A current assistant city manager, two city administrators and a former county administrator all are vying for the position that will be vacant by the end of the year when Myrtle Beach’s city manager retires.
Whoever is hired to replace city manager Tom Leath, who’s been with the city for 29 years, will have to lead the city through next year’s Memorial Day weekend safety plans, continue to grow tourism – specifically sports tourism – and handle the city’s $156.7 million budget.
City officials have worked since May to come up with a safety plan for Memorial Day weekend, which turned deadly this year. Three people died and seven were injured in eight shootings that weekend on Ocean Boulevard.
Getting control of the weekend, when tens of thousands flock the Grand Strand to participate in Atlantic Beach Bikefest, Myrtle Beach Military Appreciation Days or to take advantage of a three-day weekend at the beach – is among the issues any new city manager would have to tackle.
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The four finalists – who were announced during Tuesday’s City Council meeting – include Myrtle Beach assistant city manager John Pedersen, Greer city administrator Ed Driggers, former James City County administrator Bob Middaugh and Easley city administrator Fox Simons.
Myrtle Beach Councilwoman Susan Grissom Means originally proposed three finalists Tuesday – Pedersen, Driggers and Simons – but Councilman Randal Wallace asked that Middaugh be included as well. Councilman Wayne Gray voted against including Middaugh as a finalist.
About 50 people applied to be the next city manager and executive search firm Georgia-based Slavin Management Consultants narrowed the applicants to about 18. City Council members interviewed six men as semi-finalists over the past month before announcing the finalists on Tuesday.
“This is the most important decision the Myrtle Beach City Council has had to make in the past 20 years,” Mayor John Rhodes said on Tuesday. “I’d like for us to take some time to think about each of these four candidates, which of them would be the best to lead our city.”
City Council members have called a special meeting for Monday, at which time they could possibly name the new manager.
City spokesman Mark Kruea said City Council only hires the city manager, city attorney and municipal judges. Were City Council to hire Pedersen, he could either appoint his replacement or the city could go through the hiring process again.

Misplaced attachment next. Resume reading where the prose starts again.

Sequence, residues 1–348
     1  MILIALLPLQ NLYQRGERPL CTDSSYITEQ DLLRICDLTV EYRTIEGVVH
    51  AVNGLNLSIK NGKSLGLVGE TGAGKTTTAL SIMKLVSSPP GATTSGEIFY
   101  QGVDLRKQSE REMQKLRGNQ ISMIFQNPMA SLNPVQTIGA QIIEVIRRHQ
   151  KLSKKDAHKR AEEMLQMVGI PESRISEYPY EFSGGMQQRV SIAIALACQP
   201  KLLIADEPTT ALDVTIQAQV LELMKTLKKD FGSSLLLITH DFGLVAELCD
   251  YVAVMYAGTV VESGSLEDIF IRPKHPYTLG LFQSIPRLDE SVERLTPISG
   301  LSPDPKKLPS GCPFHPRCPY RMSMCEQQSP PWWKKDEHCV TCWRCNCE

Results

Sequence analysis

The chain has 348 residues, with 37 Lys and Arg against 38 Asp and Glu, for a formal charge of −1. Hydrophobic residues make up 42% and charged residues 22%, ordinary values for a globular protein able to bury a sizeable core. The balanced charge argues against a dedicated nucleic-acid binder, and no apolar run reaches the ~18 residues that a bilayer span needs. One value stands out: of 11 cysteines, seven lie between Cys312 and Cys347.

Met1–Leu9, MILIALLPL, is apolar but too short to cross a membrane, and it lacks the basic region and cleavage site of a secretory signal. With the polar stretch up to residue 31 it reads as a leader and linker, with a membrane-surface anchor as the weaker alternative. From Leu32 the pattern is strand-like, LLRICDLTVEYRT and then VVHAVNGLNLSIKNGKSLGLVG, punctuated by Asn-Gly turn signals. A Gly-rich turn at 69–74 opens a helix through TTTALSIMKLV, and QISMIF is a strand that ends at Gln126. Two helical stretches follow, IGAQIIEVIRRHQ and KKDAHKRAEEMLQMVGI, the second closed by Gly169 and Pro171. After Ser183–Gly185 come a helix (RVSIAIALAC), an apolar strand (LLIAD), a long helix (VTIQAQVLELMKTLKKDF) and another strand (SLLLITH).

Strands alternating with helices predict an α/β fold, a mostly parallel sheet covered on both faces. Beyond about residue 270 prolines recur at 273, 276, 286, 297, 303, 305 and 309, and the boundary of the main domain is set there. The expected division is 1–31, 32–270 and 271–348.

Driggers began working in government in 1996 after 13 years in the private sector, including a seven-month stint as a newspaper reporter in Chester after receiving bachelor of arts degree in public relations from the University of South Carolina.
Driggers also holds a masters in business administration from Winthrop University.
Driggers originally is from Lancaster – “born and bred” in South Carolina – and made the transition from plant superintendent and manager with Carolina Tank Corp. to Chester’s city administrator.
“The next move in the private sector would have been to Buffalo, New York ... and my wife and I didn’t want to leave South Carolina,” he said. “When I found out the city administrator job in Chester was open, I was already active in the community, especially with the chamber of commerce.”
Carolina Tank manufactured fuel tanks and air reservoirs for the heavy-duty truck industry.
“And I had to manage the budget, manage the personnel, capital items, and purchases in the private sector,” he said. “The only difference was that I did it for a private company. Now I provide services instead of providing widgets.”
Driggers said he was drawn to the position because Myrtle Beach already was well-managed by Leath and he said he sees many similarities between Myrtle Beach and Greer, where he now serves as city administrator. He has been in Greer since 2000.
“We have very similar dynamics from a growth standard,” he said. “In Myrtle Beach the industry is tourism. That industry is your bread and butter and you have to very consciously protect and grow that. I do feel very strongly there is a need and desire for long-term diversification of the economy.”
Middaugh said he always knew he wanted to work in municipal government after serving as an intern while in college.
“At 26, I was a city manager,” Middaugh said of his position at city administrator in Elk River, Minn.